I didn’t ignore a clear market need by telling those potential customers what things “should” cost. I didn’t lower the price of my existing services just because these potential customers wanted me to. And I absolutely didn’t lower the quality of the product(s) I was offering. I changed the rules of engagement by introducing new constraints. 

In the process, I created a whole new line of business.

How do you sell a service that, on the surface, looks similar to your typical offering, but only costs a small percentage of your typical fee? Bring on the constraints.

First I constrained scope — it’s just a logo, not the full brand identity work my design studio does. That wasn’t enough. Then I constrained time to further reduce scope — LogoLand designs and delivers a logo in a week. It still wasn’t there. Then I constrained choice — there’s no seemingly endless rounds of revisions. Customers purchase the service, and a week later they get a logo. There’s no back and forth, so they can focus on doing what they do best (running their business) and we can focus on what we do best (making them a professional logo at a great price in a week).

Now we were getting somewhere! Now this business could function at a specific price point at scale, with room to grow. Only by constraining the business could I grow the business.

Don’t Ignore or Discount, Constrain

With LogoLand, I want to provide a service to small businesses, but I have to do it in a way that makes business sense for my small business. Introducing constraints that scale back a product/service without sacrificing quality is one of the best ways to get there.

LogoLand — Get a Professional Logo at a Great Price in a Week

So I built a new thing…

LogoLand is a magical place where you get a professional logo at a great price in a week. In practice, it’s a $1499 purchase that gets you a custom logo, files, short styleguide, and puts it all in a Google Drive folder to share with vendors and partners.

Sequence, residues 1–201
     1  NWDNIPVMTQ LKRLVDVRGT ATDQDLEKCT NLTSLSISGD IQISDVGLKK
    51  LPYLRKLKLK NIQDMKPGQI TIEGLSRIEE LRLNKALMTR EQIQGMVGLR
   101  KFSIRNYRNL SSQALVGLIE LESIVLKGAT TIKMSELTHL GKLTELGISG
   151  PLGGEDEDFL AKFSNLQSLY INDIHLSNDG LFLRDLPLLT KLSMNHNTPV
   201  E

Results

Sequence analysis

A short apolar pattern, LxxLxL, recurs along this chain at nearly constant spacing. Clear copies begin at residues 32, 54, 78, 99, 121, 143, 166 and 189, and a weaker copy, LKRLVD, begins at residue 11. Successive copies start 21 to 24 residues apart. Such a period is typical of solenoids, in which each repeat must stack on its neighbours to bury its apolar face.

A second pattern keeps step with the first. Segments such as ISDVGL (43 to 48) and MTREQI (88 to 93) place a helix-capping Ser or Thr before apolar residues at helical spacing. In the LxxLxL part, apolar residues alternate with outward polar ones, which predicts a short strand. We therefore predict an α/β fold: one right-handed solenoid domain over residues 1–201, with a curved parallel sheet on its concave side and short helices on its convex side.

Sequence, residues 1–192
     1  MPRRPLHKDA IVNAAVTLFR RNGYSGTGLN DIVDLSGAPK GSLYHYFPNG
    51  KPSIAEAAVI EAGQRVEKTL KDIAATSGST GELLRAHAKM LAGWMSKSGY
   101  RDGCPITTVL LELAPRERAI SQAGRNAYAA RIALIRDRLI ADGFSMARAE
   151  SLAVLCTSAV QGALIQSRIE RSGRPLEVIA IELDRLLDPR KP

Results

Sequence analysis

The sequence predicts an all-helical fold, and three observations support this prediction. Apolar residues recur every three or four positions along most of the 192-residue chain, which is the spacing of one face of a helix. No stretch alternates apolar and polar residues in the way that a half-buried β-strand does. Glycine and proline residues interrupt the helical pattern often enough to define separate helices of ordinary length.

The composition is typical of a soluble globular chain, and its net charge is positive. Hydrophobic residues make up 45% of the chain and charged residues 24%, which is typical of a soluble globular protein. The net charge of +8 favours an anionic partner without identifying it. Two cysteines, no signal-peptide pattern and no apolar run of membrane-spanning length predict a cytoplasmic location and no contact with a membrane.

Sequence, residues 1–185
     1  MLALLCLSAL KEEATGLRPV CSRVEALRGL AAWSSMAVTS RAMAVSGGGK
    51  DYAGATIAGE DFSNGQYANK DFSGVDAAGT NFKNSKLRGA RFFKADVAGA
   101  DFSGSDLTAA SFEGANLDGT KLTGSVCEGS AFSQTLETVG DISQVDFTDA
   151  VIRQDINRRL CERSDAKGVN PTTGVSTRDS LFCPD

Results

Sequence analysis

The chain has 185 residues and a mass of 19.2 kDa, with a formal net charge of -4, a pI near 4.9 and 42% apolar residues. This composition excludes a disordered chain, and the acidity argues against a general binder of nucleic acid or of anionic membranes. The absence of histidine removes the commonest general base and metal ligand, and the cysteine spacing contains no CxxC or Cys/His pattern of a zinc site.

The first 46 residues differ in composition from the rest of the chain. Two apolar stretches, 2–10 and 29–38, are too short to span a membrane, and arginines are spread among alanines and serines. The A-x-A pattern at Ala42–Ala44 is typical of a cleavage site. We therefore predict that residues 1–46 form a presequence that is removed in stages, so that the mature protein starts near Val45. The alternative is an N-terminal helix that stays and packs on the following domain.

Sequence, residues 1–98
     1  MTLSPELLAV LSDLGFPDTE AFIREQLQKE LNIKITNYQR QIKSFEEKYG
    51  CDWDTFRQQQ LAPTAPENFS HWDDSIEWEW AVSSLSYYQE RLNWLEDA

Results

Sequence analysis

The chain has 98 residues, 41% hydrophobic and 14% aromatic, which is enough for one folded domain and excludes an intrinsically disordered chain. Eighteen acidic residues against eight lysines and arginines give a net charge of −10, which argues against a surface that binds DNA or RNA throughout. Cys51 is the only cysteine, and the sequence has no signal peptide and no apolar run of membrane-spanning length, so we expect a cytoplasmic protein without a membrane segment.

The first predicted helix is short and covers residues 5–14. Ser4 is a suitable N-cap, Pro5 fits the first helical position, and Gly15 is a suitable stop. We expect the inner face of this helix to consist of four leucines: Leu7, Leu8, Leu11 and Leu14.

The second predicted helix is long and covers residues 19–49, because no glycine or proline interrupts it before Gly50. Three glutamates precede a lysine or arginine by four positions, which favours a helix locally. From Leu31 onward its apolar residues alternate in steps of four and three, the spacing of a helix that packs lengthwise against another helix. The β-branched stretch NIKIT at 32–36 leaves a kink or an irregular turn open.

LogoLand.biz

While running my design studio, I’ve lost count of the number of small web development shops that sell $3–5k websites who say “we have clients that need a logo, but they can’t afford someone like you — what should we tell them?” Or potential clients who don’t really need to spend tens of thousands of dollars on brand strategy and identity. Where do they go? Until I built LogoLand, I didn’t have a good answer for them.

The options for small business logos aren’t great. The DIY route isn’t professional. The commodity design services get you a logo, but no guarantee it’s unique or memorable. Working with a solo designer can be a good experience, but the process of finding, vetting, and navigating that relationship is foreign to most small business owners, and it takes time. And the agency/studio route is likely too expensive and too in depth for most small businesses. Some people just want an affordable logo!

We can make the LogoLand price point work by reducing three key things:

So, LogoLand — I hope it’s helpful, and can fulfill a real need in the market. If you’re so inclined, give us a follow on Instagram and Twitter, and an upvote on Product Hunt. If you or someone you know needs a professional logo at a great price, come visit LogoLand, we’d love to see you.

Yours truly,
The Mayor of LogoLand


Acknowledgements

Thank you Cameron, Ben, and Soleio for invaluable feedback on product, positioning, voice/tone, and experience flow. And, as always, thank you to Mrs. Blankenship for her feedback, encouragement, and spurring — LogoLand literally wouldn’t exist if she didn’t push me to give it a try.